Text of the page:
Blog / Evangelos Kosmidis & Panagiota Syropoulou / October 1, 2018
There are millions of people who breathe dangerously polluted air worldwide every day. According to the World Health Organization, air pollution is linked to 7 million deaths every year and has serious effects on human health, including the development of respiratory issues, cardiovascular issues, lung cancer, and asthmatic attacks. The impacts of air pollution are also very harmful for the environment, as they cause nutrient balance changes in coastal waters and river basins, increased acidity of lakes and streams, damage to stone and other materials.
Today, more than ever, it is evident that there is a clear need for action to protect populations from the air pollution crisis.
Even though people are generally aware of the effects of air pollution, they usually don’t make the connection between their own individual behaviours and these outcomes, and they don’t feel that they can contribute to mitigating the problem. One of the reasons for this is that air pollution is an invisible threat and the impact isn’t seen until it is too late.
Air pollution data is scattered in various sources, and the form in which it is provided is usually difficult to understand. This is particularly important for citizens, who cannot interpret large and complex datasets. Air quality alerts are offered by some cities, but are presented in a generic form that does not consider personal health sensitivities and habits. On top of that, credible air pollution forecasts are not available for all places around the world. Earth observation data can complement the information received from ground monitoring stations, providing timely and spatially explicit information on air quality.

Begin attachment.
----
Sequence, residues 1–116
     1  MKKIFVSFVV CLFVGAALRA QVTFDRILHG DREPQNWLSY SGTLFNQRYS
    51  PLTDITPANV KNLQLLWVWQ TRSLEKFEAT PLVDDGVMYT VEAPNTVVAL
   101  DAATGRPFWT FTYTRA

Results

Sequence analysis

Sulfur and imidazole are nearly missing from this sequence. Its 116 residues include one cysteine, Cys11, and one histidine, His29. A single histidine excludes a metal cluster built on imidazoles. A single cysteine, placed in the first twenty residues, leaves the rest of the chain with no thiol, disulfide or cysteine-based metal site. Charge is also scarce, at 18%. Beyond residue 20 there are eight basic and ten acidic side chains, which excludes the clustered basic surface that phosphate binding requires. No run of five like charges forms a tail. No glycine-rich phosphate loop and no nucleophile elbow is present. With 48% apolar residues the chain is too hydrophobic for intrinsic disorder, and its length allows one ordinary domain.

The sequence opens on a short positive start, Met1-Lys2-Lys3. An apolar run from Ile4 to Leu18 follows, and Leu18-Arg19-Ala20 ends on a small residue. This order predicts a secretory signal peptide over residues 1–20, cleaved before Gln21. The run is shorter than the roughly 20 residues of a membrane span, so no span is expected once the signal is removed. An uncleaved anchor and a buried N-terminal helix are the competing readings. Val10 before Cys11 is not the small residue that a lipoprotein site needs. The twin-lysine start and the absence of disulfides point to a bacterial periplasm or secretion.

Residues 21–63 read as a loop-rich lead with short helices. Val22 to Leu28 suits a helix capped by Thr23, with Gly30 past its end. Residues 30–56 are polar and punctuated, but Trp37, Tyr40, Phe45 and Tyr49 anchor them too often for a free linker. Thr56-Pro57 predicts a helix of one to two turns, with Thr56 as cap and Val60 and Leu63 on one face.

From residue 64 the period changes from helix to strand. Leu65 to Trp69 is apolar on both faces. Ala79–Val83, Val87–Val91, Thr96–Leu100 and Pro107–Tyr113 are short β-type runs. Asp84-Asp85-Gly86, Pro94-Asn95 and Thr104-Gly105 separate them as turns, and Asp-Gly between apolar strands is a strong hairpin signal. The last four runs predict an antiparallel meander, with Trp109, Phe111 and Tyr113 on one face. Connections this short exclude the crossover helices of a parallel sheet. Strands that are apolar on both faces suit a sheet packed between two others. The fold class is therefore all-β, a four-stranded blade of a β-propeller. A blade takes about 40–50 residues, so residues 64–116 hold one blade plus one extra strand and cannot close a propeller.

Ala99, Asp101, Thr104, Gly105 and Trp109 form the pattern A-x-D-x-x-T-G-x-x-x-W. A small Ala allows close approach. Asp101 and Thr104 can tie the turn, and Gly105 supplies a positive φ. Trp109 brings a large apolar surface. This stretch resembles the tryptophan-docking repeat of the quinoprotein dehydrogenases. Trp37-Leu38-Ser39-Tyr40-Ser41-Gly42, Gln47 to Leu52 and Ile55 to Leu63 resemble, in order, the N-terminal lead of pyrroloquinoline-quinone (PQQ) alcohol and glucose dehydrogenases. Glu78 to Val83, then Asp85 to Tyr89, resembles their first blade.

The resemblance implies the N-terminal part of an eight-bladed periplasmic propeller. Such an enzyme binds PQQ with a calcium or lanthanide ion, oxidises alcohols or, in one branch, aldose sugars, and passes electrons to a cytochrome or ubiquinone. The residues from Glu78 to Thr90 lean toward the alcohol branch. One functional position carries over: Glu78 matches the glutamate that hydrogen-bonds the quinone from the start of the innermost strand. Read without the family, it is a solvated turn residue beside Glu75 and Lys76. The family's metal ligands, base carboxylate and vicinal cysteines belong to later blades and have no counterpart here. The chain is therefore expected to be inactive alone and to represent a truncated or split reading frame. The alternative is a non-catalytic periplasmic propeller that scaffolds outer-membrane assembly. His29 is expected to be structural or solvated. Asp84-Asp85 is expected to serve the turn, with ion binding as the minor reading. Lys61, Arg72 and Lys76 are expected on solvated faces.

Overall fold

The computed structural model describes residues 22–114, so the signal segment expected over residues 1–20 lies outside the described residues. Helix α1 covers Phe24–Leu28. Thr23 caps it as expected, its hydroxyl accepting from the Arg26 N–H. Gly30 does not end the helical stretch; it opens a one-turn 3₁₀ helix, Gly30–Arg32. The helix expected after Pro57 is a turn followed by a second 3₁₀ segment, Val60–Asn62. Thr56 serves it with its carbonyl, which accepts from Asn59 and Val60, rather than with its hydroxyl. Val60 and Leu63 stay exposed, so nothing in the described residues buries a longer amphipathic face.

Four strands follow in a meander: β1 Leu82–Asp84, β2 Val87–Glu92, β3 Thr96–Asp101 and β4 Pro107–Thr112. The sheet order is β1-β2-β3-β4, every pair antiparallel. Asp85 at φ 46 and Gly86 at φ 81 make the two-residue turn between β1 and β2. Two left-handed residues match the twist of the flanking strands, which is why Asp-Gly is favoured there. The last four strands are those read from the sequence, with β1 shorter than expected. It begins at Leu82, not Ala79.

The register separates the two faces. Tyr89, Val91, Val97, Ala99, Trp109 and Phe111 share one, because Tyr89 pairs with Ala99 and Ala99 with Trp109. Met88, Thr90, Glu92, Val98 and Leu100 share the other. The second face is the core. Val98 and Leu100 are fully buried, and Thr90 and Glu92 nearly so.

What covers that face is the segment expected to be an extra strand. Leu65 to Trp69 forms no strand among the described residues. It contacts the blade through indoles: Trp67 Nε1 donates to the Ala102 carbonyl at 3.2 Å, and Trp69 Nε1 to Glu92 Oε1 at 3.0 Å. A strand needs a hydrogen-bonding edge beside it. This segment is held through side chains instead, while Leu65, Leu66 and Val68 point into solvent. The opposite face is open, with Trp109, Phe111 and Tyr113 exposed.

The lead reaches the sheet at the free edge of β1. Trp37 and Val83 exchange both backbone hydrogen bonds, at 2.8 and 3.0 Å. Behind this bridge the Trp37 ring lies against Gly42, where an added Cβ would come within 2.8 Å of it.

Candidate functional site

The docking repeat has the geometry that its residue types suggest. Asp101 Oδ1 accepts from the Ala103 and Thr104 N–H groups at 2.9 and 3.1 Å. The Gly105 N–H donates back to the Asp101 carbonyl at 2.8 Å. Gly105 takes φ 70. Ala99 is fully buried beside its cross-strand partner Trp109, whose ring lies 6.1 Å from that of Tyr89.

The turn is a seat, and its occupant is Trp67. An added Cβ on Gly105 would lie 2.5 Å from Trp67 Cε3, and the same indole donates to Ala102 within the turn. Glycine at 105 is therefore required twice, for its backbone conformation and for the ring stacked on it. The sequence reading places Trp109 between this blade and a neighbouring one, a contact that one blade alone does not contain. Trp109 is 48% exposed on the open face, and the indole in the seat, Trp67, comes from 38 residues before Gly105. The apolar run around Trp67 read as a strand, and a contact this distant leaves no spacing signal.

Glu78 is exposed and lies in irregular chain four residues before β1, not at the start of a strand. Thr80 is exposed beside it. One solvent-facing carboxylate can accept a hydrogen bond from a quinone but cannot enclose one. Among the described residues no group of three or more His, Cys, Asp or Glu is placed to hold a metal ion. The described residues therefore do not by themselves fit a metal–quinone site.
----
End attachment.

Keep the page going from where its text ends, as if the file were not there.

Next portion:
Satellite remote sensing of the atmospheric composition in the Ultraviolet–visible spectroscopy has a long heritage at the global scale, including missions like GOME, SCIAMACHY, GOME-2 and OMI, which allowed the development of algorithms by NASA, KNMI, DLR and others to estimate the tropospheric content of key pollutants like NO2, SO2, O3, HCHO and aerosols. However, the spatial resolution of these products was too coarse to allow identification of pollution sources at an urban scale. In the Sentinel era, the TROPOMI/S5P platform (launched in 2017) provides high spatial (3x7.5km2) and temporal coverage information of the atmospheric composition of the key air quality species at an urban scale.
With years of expertise in the environmental informatics field, DRAXIS Environmental SA is using Earth observation data to develop ICT solutions that help citizens, industries and governments monitor and tackle the negative impacts of air pollution. These solutions include:
Currently, citizens interested in learning more about the air quality in the places they live, or citizens willing to contribute in the air quality crowdsourced data can use both the hackAIR and Envi4All apps. The users of hackAIR can build their own air quality hackAIR home sensor and contribute to the crowdsourced data by providing their own measurements, while the users of Envi4All can state their perception of the air quality in their neighbourhood.
DRAXIS is taking advantage of the revolution in the field of Earth observation-based air quality monitoring and forecasting to design the next generation of high-resolution emission inventories. This will improve the accuracy and quality of the existing services and help those suffering from the effects of air pollution.
Blog post: Earth Observations for Urban Resilience: Takeaways from ICLEI’s 2018 Resilient Cities Congress